Understanding how children learn to eat
When we eat, we never stop to think about the process that has led to us being able to eat. We take it for granted. But what has a baby had to learn in order to be able to chew and eat food? Let us look at the learning process behind one of our most basic functions.
Eating requires all our sensory systems: tactile, visual, olfactory, gustatory, and auditory. Being able to eat requires control in areas such as sitting, which takes strength and balance.
To help set children up for success with eating, it is important to work at the level of their development, offering foods that they are ready for, being patient and getting the eating environment right.
From birth to around five months there is a period of what is known as generalised mouthing. This is when babies suck on their fists, fingers and thumbs. This must be actively encouraged. If it is not happening by itself, adults need to gently hold the baby’s elbow to guide their hand towards their mouth so that this feels natural for them.
As babies get older they will reach for other objects rather than just their hands to explore their mouths. This should also be encouraged. This is called discriminative mouthing. This is when appropriate “toys” are needed to allow babies to explore their mouths. This stage begins the oral sensory experience. Babies begin to understand how objects feel, and how they are different.
Both these stages are vital to allow babies to develop sensory dicrimination that will be used for food manipulation and for speech.
The level of oral motor skills that a baby has means that everything works together. The jaw and tongue work as one unit. New born babies up to the age of four months automatically swallow and suckle. This is a reflex that they cannot control - it happens naturally.
They are able to move their tongue in and out of their mouths. They can move liquid to the back of the mouth, creating a channel for the liquid.
Another reflex is rooting when a baby turns their head, opens their mouth towards the food source be it breast or bottle.
After four months, sucking is no longer a reflex, it is an intentional act. Baby is now in control.
If a baby has issues feeding at this stage, there might be an issue that needs some help. This is when problems might show themselves. This is a vital age to support discriminative feeding, allowing babies to explore their mouths. Babies may reach for their caregivers hand. This should be allowed and encouraged.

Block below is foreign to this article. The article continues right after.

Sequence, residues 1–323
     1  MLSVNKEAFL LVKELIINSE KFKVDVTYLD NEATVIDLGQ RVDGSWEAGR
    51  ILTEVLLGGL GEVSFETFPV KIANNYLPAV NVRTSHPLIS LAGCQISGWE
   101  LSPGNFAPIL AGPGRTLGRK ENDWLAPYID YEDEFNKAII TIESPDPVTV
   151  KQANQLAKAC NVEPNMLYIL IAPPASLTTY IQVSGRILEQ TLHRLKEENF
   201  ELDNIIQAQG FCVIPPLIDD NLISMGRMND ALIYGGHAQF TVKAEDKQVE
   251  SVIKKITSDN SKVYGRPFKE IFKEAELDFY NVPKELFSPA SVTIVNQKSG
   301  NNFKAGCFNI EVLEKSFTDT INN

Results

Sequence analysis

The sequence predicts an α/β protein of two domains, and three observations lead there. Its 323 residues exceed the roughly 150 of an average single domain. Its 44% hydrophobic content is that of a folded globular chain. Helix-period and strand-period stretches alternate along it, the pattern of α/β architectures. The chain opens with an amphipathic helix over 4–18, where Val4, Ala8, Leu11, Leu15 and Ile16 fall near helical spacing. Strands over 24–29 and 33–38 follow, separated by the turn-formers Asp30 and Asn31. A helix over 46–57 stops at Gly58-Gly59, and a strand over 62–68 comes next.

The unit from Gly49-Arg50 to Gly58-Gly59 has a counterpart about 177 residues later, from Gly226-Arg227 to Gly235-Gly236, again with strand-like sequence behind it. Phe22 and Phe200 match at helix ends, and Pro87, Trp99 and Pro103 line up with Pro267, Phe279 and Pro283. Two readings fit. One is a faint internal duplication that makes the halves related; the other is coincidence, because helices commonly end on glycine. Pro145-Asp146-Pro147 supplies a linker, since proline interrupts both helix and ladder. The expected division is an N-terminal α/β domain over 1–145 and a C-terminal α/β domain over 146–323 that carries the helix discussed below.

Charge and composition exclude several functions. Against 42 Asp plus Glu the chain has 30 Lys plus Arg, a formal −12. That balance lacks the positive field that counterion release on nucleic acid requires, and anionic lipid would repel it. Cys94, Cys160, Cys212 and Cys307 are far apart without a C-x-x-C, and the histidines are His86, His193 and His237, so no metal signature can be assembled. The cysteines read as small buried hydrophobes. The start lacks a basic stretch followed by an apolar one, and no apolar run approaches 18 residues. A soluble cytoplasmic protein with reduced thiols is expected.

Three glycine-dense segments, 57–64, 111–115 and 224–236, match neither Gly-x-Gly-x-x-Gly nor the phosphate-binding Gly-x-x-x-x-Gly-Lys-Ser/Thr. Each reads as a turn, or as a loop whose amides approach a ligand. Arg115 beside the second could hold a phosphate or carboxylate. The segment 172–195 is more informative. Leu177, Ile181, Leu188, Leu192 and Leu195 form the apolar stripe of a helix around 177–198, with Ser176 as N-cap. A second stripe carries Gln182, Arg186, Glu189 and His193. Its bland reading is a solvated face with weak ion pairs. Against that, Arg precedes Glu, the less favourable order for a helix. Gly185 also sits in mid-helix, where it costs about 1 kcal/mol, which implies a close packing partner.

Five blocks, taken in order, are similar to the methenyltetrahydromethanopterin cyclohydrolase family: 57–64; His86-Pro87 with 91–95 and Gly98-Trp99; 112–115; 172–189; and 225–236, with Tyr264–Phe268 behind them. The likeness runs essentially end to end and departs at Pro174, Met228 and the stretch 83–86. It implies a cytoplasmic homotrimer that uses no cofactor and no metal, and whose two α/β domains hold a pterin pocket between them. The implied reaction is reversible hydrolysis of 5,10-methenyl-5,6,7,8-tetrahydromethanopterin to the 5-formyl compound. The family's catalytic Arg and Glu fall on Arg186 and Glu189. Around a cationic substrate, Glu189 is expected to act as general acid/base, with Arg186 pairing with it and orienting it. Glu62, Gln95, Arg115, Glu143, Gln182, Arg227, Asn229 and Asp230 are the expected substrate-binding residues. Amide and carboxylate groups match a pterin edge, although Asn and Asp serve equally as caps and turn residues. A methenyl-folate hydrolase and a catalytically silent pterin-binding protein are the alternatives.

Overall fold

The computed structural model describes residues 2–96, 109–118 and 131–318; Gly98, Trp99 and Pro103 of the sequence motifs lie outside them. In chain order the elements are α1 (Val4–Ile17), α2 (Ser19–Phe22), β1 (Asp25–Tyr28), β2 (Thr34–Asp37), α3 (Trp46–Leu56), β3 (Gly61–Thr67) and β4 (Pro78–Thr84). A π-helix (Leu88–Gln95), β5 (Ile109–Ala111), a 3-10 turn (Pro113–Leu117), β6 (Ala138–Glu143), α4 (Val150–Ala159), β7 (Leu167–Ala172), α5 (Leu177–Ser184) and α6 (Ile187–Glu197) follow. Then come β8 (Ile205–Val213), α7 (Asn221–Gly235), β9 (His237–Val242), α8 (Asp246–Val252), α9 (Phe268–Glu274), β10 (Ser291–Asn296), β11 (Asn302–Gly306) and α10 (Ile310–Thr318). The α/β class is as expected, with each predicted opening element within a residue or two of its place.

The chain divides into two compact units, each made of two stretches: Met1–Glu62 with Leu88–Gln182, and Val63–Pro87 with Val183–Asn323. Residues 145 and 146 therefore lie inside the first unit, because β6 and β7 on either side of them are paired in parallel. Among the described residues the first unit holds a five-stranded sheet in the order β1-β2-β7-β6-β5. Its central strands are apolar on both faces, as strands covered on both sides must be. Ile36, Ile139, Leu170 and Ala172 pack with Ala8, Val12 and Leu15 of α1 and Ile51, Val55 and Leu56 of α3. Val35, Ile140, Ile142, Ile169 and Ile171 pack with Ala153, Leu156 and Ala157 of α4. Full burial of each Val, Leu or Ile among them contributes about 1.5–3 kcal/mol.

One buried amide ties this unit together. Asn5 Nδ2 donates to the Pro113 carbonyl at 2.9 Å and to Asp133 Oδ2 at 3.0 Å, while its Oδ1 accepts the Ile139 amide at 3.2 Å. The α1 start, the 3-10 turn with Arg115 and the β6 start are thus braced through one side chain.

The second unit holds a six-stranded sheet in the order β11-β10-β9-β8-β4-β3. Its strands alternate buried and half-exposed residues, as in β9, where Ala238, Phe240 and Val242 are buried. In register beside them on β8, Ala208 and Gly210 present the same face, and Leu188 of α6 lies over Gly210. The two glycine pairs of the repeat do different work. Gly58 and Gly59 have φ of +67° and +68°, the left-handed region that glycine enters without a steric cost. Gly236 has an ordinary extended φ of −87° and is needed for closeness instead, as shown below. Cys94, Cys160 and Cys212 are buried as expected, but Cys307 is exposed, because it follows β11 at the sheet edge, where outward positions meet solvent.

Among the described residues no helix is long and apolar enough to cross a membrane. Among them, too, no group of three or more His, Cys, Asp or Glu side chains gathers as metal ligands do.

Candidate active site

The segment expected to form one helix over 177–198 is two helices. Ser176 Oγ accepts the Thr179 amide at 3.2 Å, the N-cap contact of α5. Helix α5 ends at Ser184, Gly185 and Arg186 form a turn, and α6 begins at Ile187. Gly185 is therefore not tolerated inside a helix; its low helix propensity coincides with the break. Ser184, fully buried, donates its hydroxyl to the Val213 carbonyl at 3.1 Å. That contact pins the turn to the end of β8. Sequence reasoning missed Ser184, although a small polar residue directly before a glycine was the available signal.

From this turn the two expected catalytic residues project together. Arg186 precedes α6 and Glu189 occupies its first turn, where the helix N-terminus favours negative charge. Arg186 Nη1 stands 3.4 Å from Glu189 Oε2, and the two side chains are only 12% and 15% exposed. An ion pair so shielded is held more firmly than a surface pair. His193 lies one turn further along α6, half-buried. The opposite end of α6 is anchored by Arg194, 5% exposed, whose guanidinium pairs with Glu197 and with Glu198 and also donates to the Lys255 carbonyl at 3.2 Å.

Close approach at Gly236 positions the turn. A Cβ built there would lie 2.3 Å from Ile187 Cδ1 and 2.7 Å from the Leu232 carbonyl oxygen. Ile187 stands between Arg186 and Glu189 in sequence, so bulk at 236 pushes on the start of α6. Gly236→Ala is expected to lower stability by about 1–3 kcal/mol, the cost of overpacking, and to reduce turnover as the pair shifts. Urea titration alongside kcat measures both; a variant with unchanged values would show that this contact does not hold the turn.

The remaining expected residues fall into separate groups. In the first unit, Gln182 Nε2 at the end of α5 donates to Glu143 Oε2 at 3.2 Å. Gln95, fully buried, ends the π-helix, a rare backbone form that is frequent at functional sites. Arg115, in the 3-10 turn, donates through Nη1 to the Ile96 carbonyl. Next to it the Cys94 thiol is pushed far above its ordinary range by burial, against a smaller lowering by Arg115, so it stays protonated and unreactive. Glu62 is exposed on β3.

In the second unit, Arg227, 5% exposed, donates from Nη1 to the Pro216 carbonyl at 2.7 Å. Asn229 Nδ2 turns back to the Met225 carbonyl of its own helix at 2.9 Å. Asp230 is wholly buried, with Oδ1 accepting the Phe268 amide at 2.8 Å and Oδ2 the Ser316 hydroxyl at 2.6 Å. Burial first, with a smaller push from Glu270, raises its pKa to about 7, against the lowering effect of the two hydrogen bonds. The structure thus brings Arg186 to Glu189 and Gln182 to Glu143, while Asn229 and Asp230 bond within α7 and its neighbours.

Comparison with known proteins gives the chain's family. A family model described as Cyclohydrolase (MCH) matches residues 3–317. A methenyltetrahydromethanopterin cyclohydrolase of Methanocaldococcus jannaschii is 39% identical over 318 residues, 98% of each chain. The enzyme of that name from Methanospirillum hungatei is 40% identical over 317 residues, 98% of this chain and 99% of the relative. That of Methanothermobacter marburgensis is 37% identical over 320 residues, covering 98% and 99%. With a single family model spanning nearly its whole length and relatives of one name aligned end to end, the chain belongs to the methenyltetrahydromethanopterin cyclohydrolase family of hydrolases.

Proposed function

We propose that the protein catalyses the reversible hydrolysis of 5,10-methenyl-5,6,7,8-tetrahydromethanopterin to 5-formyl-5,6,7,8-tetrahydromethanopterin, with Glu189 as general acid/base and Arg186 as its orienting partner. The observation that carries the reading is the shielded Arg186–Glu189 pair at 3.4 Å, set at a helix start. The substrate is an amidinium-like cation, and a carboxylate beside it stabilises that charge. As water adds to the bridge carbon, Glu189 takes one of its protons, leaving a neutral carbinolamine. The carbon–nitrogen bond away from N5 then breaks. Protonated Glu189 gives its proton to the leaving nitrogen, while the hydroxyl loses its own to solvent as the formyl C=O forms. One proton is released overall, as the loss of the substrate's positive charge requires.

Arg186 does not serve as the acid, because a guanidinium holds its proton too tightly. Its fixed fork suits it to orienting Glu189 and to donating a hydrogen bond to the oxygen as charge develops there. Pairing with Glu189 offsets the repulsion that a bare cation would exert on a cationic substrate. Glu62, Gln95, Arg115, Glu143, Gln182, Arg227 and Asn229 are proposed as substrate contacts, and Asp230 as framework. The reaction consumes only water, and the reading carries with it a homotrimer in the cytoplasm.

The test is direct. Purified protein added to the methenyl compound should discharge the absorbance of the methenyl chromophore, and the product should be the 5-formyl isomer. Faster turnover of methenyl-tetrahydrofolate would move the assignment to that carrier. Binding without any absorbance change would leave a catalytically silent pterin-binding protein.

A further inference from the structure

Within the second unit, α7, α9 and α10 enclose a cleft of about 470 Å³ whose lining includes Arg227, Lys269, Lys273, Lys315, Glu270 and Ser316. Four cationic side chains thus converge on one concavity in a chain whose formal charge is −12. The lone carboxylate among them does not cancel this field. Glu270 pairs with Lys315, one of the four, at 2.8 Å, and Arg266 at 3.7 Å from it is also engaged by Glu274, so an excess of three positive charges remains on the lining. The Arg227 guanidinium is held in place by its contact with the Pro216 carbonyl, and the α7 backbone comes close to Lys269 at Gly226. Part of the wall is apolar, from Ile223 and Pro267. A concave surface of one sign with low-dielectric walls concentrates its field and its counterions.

The jaw and the tongue are still working as one unit, however up and down munching has started to happen.
Reflexes start to disappear- the rooting reflex goes and the gag reflex lessens.
Seven to Nine Months
The tongue and jaw start to move separately. The tongue is able to move up and down as well as in and out. The jaw is able to be moved diagonally in order to chew food.
Baby will recognise if a spoon is offered and their mouth will open ready to accept food.
Tongue Lateralization happens. This is where food is moved from one side of the mouth to the other.
Food textures are recognised and a mature chewing pattern develops.
Through discriminative mouthing babies use their tongues to discover the food in their mouths. They can tell if it is a puree they can just swallow, or if it is a lump that they need to move from side to side in their mouth and chew.
It is important at this stage to encourage babies to explore their mouths with different textures.
From around their first birthday, babies can drink through a straw, suck, swallow and take a breath while drinking.
Babies are able to feed themselves and this needs to be encouraged. Children need to play with their food. Lots of messy play is good!
Around this time, the tongue needs to learn to elevate in the mouth. It is important that bottles or cups with teats are discouraged past the age of one. These press the tongue down and prevent it lifting properly.
Age Two and Beyond
Children learn to close their mouths when eating.
Fear of new food is possible from this age, a phase that can last until age six.
Children have often got a good vocabulary by this age. They have found a voice. They have now got food preferences and they are able to say “no” to foods they don’t want to eat.
It is important that their voice is listened to.